I, by the way, am holding out for a digital Yashicamat.

One more thought. The 28mm f2.8 ‘kit’ lens needs a click stopped aperture ring, and focusing and DOF scale to be truly retro.

I had one of those, "Man, I gotta get one!" Moments when this showed up. I love the old manual focus Nikons from the '80s, still have a lot of them (FE2, FM2 and F3), but then I remembered why I jumped to Fujifilm.

Nikon needs to prove they are committed to filling out the lens line with primes that start with f-one-point-something.

They put out out a nice 35mm f/1.8 dx lens that I used on my D300s, but then never followed up with any prime wide-angle or portrait range short teles.

The answer isn't, "Well just use fx lenses." Look how petite Fujis are with those tiny dx lenses.

Still, if Nikon makes a dx 16mm and 70mm with an f/1.8-ish aperture...

I have to say, Mike, you have very good taste, as far as watches are concerned.

This is interesting and makes me smile - always a good thing straight off the bat, like looking at a piece of art: if it makes me smile, you've got me.

I have a Z6 and to pick up one of these would be like buying another lens - I can put my 85mm 1.8S on it and it would be, what, a 120mm or something? (I'm probably getting this all wrong but still, this being the internet, I hope to be corrected if I am). It looks lovely and harks back to my FM2 which I still have somewhere. I've held off buying new S lenses because I have a set of older ones that, with the adapter, work perfectly well on the Z6, though they look and feel unbalanced... Less than £1000 for a new lens that's as good as the 85 though? I like it!

I hope it does well, but my idea of retro must be reactionary: A Nikon Zrc body similar to the S series rangefinder.

I went on to auto-focus from my FM2. So when digital came out, no, I did not want "a digital FM".

Certainly there has been a learning curve on auto-focus and on digital, among both photographers and camera designers; some things one or the other (or both) have had to learn the hard way.

Kinda like a 70's dune buggy of a retro-cam! A "Hey, baby, what's your sign?"-cam. Rather under-powered and under-spec'ed but it sure is blooming with fake analog dials! I've never owned, or even held, a Nikon camera in my life but I'd be tempted to get one of these things in light green, brown, or even pink just as a desk trinket! Very cute!

As a practical matter, however, it seems clear that this is a design targeted to Boomers (like me), as young people aren't buying many cameras any more. But how many of us have arthritis and can't deal with little dials any more? Not me, thankfully, but I don't want little dials on my working camera anyway! Give me that Hasselblad touch-screen u.i. any day!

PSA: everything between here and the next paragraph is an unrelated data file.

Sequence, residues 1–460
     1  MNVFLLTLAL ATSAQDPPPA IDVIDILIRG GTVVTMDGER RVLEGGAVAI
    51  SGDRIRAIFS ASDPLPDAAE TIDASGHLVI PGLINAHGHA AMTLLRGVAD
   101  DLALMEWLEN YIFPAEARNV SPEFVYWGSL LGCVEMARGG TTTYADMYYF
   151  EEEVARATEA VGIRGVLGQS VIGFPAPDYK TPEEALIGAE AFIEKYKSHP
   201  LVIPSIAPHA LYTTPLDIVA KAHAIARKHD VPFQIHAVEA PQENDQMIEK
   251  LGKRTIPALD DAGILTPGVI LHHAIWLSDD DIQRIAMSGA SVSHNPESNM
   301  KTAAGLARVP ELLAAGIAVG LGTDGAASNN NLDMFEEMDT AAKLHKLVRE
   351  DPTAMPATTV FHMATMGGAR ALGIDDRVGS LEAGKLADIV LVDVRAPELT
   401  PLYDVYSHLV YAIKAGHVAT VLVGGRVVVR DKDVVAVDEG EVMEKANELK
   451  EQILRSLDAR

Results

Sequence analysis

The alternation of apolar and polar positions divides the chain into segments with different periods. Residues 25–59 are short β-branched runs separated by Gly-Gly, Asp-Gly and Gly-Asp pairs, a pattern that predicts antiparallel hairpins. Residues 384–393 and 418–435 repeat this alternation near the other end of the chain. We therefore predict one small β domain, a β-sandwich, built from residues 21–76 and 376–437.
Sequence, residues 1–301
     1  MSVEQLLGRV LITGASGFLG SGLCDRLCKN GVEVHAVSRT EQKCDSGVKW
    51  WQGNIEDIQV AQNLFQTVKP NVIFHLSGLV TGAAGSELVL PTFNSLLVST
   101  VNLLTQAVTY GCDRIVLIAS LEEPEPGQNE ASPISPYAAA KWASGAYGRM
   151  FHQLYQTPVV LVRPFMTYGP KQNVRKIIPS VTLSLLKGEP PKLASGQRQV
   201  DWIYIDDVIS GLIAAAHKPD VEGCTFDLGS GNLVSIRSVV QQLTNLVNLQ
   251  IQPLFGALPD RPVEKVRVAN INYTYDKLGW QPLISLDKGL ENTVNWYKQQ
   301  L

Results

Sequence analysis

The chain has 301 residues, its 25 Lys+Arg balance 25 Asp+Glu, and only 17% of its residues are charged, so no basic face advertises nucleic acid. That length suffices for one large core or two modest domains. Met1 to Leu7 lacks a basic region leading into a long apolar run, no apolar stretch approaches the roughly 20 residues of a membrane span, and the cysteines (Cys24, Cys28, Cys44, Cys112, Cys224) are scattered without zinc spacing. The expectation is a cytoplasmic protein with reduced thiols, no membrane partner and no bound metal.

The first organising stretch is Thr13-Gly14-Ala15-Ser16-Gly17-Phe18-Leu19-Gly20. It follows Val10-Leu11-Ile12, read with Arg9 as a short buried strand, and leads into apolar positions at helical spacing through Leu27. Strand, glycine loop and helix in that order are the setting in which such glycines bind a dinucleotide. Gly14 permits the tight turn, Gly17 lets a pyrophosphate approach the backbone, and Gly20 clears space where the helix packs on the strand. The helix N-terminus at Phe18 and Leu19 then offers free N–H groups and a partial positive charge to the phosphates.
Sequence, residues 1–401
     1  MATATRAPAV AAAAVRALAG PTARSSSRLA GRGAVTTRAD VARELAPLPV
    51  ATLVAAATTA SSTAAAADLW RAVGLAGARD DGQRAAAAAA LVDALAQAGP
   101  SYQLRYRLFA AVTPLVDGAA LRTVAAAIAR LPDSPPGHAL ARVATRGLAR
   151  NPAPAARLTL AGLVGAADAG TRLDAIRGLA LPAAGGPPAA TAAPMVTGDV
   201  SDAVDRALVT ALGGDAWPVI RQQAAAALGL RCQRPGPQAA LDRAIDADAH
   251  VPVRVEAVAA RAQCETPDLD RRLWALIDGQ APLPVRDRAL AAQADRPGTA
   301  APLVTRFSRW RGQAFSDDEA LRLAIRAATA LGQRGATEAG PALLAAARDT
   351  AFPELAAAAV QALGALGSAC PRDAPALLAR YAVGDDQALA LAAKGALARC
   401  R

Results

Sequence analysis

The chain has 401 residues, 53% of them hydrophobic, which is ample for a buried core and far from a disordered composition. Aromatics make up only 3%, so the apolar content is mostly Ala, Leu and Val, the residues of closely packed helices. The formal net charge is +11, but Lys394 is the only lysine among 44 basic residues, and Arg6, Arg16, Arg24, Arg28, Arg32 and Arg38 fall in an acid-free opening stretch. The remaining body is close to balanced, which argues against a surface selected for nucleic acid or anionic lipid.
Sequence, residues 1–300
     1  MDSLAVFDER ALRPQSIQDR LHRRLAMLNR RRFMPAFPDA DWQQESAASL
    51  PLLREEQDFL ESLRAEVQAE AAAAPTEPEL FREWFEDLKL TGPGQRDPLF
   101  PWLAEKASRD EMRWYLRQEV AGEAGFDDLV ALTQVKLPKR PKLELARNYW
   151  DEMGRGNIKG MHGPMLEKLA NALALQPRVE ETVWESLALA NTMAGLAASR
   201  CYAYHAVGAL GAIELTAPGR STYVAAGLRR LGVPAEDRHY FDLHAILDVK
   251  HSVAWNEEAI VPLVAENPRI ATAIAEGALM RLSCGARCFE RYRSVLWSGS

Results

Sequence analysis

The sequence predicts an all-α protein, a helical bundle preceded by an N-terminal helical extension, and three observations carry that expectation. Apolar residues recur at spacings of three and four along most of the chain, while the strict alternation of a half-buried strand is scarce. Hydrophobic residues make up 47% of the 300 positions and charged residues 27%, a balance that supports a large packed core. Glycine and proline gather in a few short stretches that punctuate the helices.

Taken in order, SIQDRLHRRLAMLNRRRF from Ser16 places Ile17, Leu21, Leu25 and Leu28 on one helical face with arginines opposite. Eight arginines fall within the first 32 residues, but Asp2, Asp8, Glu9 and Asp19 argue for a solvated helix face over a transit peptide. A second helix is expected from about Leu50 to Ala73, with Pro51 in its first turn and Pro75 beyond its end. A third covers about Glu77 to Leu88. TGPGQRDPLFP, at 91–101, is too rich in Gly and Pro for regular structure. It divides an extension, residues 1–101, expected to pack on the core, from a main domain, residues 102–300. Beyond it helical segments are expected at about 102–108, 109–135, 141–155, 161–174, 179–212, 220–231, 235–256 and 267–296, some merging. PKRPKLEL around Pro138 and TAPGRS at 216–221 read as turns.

And that compact 28mm 2.8? Equals about 42mm on APS. Not to shabby.

If you think the little red video button on the Nikon is bad, you'll be shocked (Shocked!) to learn that the Morgan Plus Four comes with, " ... central locking and a digital driver information display, with air conditioning and LED puddle lights also available.

Shameless.

[That's just wrong! :-) --Mike]

Hey Mike, what’s a Snowflake? (Googling it was no help.)

On the one hand I have a very nice collection of pre-1980 cameras, all silver. (It actually is surprisingly popular when I post things on Facebook.) On the other hand, I don’t understand the nostalgia for the dang dials. Even back in the day, I always used automatic 95% of the time.

- Eolake Stobblehouse

[Re the Snowflake, check that link. I hope it still works.... --Mike]

I'm one who thinks Retro generally doesn't work very well.... and I am a fan of and own lots of older cameras.(including 4 of my original F bodies) Very occasionally I still shoot film-- but not so far this year, so I'm doing it less and less.
Of the things Nikon needs most, I wouldn't have thought another digital camera body that tries to look like a film camera would have made the cut, - even as a badge engineered variant
But Nikon has contributed a great deal to Photography so I wish them well even if it holds no interest for me.

Hmmm, that new Z-mount 28mm f/2.8 might be a nice lens.

No IBIS though. And the viewfinder doesn't measure up to the X-T4. More of a competitor with the Fuji X-S10 or X-30, although the X-S10 does have IBIS.

Now Nikon copies Fujifilm. Pathetic.

I currently own the Z50 with an 18-400 Tamron (which provides the VR), for a one camera, one lens solution. You do need the FTZ adapter for this.

The looks are intriguing but I would miss the deep grip and built-in flash of the Z50.